(CORDIS) — An international team of EU-funded scientists has made a significant breakthrough in molecular biology research on microbial pathogens.
Writing in the Journal of Infectious Diseases, the researchers, from Belgium, Germany, India, Nepal, Switzerland, the United Kingdom and the United States, report on their successful completion of the genome of Leishmania donovani, a parasite that causes leishmaniasis, one of the most important tropical diseases after malaria.
Leishmania is a unicellular parasite that is transmitted through the bite of sandflies and occurs mainly in Asia, east Africa, Latin America and countries surrounding the Mediterranean Sea.
After completing the Leishmania genome, the team identified a series of mutations specific to ‘superparasites’ and developed a simple estimation that will allow them to be better tracked wherever they are. Superparasites in the Indian sub-continent tend to be drug resistant and at the same time also better equipped to cope with our immune system.
Depending on the severity of the case, leishmaniasis can lead to deadly visceral disease. The World Health Organization (WHO) estimates that there are up to 1.6 million new cases of leishmaniasis every year, and for the most part it is the poorest populations which are affected by the disease.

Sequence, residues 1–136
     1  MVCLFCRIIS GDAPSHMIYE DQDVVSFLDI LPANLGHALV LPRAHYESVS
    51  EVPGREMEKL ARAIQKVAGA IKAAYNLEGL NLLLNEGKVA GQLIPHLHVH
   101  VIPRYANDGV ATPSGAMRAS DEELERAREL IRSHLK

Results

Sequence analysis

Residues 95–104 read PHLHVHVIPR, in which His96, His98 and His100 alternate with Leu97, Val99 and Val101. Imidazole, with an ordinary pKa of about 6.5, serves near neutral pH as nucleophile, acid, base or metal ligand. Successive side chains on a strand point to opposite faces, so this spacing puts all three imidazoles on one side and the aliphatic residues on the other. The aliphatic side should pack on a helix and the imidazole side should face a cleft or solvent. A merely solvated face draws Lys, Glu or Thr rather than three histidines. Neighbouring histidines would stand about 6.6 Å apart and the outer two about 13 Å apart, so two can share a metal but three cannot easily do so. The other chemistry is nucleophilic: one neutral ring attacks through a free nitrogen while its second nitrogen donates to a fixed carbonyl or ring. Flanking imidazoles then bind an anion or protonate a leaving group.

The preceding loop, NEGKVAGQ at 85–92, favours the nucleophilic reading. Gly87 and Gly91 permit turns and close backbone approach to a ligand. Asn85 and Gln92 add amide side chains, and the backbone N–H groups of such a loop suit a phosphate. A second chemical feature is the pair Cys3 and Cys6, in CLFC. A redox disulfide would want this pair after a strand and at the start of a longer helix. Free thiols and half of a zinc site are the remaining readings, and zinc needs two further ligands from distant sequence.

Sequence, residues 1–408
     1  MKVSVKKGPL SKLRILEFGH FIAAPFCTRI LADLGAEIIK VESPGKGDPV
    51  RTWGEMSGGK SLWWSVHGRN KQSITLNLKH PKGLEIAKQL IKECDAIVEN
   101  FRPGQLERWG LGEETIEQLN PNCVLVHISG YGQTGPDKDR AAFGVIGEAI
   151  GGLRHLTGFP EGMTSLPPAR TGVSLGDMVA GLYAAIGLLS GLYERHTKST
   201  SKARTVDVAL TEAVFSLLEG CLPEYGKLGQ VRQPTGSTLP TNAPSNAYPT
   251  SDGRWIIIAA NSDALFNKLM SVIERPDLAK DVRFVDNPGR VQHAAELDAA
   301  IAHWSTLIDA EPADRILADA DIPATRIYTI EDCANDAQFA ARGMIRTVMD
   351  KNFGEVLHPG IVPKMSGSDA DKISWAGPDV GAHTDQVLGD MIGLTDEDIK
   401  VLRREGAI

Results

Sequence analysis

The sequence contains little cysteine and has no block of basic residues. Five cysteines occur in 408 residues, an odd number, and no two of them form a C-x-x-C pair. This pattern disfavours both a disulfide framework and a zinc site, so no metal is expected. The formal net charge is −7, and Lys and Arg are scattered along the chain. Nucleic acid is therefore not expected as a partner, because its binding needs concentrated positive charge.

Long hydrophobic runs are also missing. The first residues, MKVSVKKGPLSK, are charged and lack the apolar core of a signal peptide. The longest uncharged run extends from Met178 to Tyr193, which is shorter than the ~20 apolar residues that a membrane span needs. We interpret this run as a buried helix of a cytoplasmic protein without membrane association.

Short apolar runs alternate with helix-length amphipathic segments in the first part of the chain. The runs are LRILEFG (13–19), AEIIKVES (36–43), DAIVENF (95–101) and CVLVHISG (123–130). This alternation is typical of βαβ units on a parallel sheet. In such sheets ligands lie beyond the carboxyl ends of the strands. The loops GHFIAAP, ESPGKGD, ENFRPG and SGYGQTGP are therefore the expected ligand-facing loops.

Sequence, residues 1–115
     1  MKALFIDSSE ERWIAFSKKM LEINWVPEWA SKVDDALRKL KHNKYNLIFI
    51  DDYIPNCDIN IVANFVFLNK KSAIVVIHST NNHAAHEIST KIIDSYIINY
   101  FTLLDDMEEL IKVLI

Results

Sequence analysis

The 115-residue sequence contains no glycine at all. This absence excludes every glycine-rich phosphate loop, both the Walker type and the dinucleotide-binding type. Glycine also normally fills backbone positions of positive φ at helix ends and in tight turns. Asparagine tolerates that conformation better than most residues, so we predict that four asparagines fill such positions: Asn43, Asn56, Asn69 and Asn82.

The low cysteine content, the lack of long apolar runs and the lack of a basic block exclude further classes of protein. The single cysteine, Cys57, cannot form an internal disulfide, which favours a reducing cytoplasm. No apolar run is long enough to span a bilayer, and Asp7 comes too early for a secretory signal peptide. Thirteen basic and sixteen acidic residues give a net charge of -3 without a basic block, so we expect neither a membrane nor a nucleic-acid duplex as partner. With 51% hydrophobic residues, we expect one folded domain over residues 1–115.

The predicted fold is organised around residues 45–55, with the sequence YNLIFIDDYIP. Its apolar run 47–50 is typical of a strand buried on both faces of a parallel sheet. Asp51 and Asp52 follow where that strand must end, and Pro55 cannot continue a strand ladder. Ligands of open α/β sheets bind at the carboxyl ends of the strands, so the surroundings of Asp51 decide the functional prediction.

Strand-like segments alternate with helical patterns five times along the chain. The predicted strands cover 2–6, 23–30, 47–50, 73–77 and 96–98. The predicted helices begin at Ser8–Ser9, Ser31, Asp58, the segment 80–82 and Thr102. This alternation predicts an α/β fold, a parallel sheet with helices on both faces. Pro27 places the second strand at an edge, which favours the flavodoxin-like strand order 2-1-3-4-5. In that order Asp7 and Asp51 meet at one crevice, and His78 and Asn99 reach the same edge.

The study was supported by two EU-funded research projects: LeishNatDrug-R (‘Molecular tools for monitoring emergence and spreading of drug resistance among natural populations of leishmania’) which received EUR 1,200,000 of funding under the ‘Programme for research, technological development and demonstration’ of the Fifth Framework Programme (FP5) and Kaladrug-R (‘New tools for monitoring drug resistance and treatment response in visceral leishmaniasis in the Indian subcontinent’) which received EUR 299,999 of funding under the Health Theme of the Seventh Framework Programme (FP7).
Lead study author Dr Manu Vanaerschot from the Institute of Tropical Medicine Antwerp, in Belgium comments: ‘Thanks to the discovery of these mutations, made possible through funding by the European Commission, the spread and emergence of these drug resistant parasites can be more efficiently monitored, contributing to a better and more adequate control of the parasite and the disease it causes.’
‘We hope that this finding will ultimately pave the way to a field applicable drug resistance detection device not only for pentavalent antimonials but for all antileishmanial drugs. This is an important breakthrough which will help immensely in the control of the menace of leishmaniasis,’ says another study author, Shyam Sundar from the Banaras Hindu University, in India.